Tuesday, 17 September 2019

The W Series


(For a more detailed discussion of Speedqueens’ stance on W Series and a review of the TV show, click here.)

The inaugural W Series championship ran in the summer of 2019. It was billed as the first-ever all-female single-seater championship. (The Esso All-Ladies Formula Ford race in 1985 was actually the first.)

Eighteen drivers were chosen to race Formula 3 Regional cars, with two “reserve” drivers who were intended to deputise for injured colleagues and only took part in a few actual races.

There were six championship races of roughly half an hour each, plus one non-championship race which ran using a reverse-grid format. The series acted as one of the supports for the DTM in Europe.

W Series was launched with a huge media drive, with former Formula 1 driver David Coulthard acting as one of its public figureheads. He was also one of the judges for the initial driver selection events. Lyn St. James, who had previously been pivotal in the similar Women’s Global GT Series, was another. 60 racers from all round the world were assessed; through a combination of elimination and voluntary dropping-out, this was whittled down to 20. All 20 selected drivers would have all of their expenses paid for the summer racing season and would receive a share of the $2m prize pot.

There is nothing especially innovative about an all-female racing series but W Series did introduce some relatively novel concepts, including the no-cost nature of entry. Drivers were made to swap cars after every race and worked with a different team of mechanics every day. This was ostensibly to prevent the more mechanically-minded among them from gaining an advantage. Prohibitions were also placed on testing and competing in F3 cars during the W season. No driver was permitted to take part in an F3 race on any of the six circuits the series visited, unless she was fully signed up for that championship. Testing was not allowed. Drivers were allowed limited sessions on a simulator to prepare prior to a race weekend. There were no competing teams; all cars were run centrally by Hitech Grand Prix on behalf of W Series itself.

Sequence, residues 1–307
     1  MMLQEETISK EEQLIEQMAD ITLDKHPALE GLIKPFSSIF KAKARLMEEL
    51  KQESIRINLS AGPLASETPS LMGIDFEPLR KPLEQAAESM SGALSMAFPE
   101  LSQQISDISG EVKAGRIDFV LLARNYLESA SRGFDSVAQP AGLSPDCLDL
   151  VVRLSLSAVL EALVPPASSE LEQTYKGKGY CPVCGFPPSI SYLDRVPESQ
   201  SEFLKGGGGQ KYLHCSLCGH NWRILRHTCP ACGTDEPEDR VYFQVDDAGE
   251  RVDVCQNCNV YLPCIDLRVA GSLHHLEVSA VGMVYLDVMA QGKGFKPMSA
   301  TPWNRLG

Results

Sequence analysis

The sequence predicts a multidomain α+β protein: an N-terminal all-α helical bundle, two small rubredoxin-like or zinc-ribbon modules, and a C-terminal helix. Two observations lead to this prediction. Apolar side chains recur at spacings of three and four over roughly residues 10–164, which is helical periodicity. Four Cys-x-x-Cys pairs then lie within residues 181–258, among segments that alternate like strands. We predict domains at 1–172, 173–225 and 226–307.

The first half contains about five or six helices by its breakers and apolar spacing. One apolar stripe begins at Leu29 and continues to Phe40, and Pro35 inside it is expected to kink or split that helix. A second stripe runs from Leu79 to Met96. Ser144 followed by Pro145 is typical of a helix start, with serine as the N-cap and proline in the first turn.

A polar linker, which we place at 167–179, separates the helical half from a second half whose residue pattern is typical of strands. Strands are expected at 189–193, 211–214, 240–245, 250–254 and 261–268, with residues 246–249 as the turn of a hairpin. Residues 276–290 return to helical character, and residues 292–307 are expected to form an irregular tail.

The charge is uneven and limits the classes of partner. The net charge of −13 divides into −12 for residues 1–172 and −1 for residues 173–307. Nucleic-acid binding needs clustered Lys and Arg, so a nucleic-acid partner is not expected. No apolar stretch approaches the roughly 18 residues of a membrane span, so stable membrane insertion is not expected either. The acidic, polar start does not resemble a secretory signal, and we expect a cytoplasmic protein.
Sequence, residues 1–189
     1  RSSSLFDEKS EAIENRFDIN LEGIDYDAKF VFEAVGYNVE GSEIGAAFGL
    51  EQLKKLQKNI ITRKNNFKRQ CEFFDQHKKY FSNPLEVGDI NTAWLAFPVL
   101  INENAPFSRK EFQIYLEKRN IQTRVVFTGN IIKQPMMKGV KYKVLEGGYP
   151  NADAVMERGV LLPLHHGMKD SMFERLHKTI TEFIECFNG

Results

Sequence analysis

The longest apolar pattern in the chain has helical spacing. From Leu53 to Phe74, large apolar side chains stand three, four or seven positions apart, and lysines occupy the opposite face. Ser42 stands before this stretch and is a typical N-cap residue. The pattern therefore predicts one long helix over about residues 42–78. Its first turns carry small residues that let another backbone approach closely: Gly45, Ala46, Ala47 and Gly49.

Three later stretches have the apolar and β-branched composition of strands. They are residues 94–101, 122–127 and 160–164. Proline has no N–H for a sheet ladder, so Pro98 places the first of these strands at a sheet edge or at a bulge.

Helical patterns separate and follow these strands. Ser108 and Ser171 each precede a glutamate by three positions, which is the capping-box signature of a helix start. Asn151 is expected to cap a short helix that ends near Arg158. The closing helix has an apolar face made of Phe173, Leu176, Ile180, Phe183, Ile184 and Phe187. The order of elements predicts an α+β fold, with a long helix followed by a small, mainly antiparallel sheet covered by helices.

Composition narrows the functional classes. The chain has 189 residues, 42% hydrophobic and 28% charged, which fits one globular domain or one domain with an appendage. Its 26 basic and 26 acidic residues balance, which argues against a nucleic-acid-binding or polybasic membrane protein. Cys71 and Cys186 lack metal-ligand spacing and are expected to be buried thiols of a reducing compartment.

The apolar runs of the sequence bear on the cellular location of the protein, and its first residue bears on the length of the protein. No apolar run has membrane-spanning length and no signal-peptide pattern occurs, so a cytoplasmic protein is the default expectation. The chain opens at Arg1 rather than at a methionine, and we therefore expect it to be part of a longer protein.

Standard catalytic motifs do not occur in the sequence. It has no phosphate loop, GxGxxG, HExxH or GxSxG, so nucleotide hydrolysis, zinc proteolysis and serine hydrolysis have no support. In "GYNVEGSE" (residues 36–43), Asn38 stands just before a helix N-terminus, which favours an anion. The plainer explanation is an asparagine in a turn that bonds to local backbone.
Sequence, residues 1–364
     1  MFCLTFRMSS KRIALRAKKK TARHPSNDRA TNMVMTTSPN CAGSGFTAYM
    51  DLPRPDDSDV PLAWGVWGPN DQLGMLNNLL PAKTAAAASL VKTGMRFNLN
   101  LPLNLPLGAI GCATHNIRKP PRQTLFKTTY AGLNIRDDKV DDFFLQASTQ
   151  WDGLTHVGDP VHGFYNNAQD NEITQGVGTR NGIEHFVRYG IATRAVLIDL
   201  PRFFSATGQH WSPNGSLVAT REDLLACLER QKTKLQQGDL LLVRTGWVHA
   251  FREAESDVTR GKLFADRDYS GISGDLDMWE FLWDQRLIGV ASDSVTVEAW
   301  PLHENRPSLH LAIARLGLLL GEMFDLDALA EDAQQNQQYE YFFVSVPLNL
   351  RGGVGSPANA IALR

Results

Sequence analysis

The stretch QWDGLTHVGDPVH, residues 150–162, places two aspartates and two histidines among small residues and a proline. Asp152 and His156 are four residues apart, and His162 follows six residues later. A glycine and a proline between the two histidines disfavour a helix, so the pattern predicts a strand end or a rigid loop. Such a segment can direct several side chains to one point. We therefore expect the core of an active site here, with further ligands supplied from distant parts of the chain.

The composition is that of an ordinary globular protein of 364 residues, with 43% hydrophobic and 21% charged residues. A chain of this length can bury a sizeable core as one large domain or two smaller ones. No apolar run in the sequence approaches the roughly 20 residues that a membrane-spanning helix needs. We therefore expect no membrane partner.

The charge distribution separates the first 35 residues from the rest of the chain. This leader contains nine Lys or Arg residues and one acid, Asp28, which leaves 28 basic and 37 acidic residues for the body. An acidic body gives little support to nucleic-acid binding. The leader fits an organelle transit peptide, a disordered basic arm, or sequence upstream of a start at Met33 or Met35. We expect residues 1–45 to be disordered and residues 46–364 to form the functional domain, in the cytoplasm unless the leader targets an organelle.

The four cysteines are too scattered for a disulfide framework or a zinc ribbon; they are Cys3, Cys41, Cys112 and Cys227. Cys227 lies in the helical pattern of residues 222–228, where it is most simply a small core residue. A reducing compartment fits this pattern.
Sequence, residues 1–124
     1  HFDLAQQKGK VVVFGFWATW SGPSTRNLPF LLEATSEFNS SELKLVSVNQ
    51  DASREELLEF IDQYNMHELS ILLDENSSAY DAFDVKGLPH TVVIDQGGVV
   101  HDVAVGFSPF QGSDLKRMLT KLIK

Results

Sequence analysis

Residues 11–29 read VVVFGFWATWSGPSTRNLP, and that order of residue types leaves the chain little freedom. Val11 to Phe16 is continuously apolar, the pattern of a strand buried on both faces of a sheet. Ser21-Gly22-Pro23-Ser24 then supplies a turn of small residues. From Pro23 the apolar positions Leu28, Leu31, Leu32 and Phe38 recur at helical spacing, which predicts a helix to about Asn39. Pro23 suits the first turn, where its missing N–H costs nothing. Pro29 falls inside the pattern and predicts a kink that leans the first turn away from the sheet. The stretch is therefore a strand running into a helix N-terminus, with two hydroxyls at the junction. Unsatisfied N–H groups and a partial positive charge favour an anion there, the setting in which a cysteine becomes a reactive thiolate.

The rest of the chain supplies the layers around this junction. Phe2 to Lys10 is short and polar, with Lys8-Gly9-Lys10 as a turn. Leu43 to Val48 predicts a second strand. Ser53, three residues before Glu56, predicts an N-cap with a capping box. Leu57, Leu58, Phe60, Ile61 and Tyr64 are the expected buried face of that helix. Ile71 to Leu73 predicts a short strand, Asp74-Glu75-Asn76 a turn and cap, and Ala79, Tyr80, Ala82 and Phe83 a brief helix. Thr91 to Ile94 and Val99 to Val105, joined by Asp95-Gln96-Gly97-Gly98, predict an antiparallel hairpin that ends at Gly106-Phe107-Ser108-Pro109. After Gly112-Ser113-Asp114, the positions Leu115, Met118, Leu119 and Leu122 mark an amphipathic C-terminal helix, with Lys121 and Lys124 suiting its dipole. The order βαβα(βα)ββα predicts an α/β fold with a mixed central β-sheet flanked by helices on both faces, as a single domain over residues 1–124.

Many were critical of the whole idea, chiefly Indycar driver Pippa Mann and European F3 racer Sophia Floersch. Both drivers, along with others, considered it a step towards sex segregation in motorsport and believed that the money involved would have been better spent supporting female racers in existing championships. Some of this criticism died down but a few concerns arose during the season about safety and standards of car preparation. Jamie Chadwick, Alice Powell and others experienced difficulty downshifting under full steering lock in some of the Tatuus FRegional cars, for example.